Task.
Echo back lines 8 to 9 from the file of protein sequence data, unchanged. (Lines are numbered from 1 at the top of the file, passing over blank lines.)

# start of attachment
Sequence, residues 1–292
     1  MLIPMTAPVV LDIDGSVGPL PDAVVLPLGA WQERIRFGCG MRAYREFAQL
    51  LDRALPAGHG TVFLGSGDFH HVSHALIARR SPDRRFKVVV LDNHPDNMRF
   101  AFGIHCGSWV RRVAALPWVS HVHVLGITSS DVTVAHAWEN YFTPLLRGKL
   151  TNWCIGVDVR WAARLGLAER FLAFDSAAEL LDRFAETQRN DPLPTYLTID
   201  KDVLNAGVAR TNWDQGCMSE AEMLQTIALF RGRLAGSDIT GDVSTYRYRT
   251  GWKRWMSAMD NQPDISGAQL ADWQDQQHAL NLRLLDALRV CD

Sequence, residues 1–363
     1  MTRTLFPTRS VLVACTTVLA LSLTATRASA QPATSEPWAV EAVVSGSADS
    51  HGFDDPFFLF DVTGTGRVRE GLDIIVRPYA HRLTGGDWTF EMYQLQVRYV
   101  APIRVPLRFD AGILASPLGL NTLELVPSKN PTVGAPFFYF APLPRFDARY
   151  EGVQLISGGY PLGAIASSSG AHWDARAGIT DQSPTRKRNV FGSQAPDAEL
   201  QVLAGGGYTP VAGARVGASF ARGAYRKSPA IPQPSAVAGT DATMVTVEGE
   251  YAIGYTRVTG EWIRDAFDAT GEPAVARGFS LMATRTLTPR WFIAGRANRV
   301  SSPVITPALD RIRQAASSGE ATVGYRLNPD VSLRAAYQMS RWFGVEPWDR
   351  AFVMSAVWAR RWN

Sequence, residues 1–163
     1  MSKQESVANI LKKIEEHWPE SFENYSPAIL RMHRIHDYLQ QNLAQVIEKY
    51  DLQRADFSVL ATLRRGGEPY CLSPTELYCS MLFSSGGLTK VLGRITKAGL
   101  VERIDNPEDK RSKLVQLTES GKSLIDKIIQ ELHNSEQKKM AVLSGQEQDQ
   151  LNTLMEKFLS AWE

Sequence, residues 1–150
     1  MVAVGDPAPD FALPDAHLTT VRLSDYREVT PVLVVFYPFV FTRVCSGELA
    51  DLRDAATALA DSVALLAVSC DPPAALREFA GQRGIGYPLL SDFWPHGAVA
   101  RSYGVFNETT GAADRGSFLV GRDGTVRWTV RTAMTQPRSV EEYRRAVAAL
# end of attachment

Sequence, residues 1–363
     1  MTRTLFPTRS VLVACTTVLA LSLTATRASA QPATSEPWAV EAVVSGSADS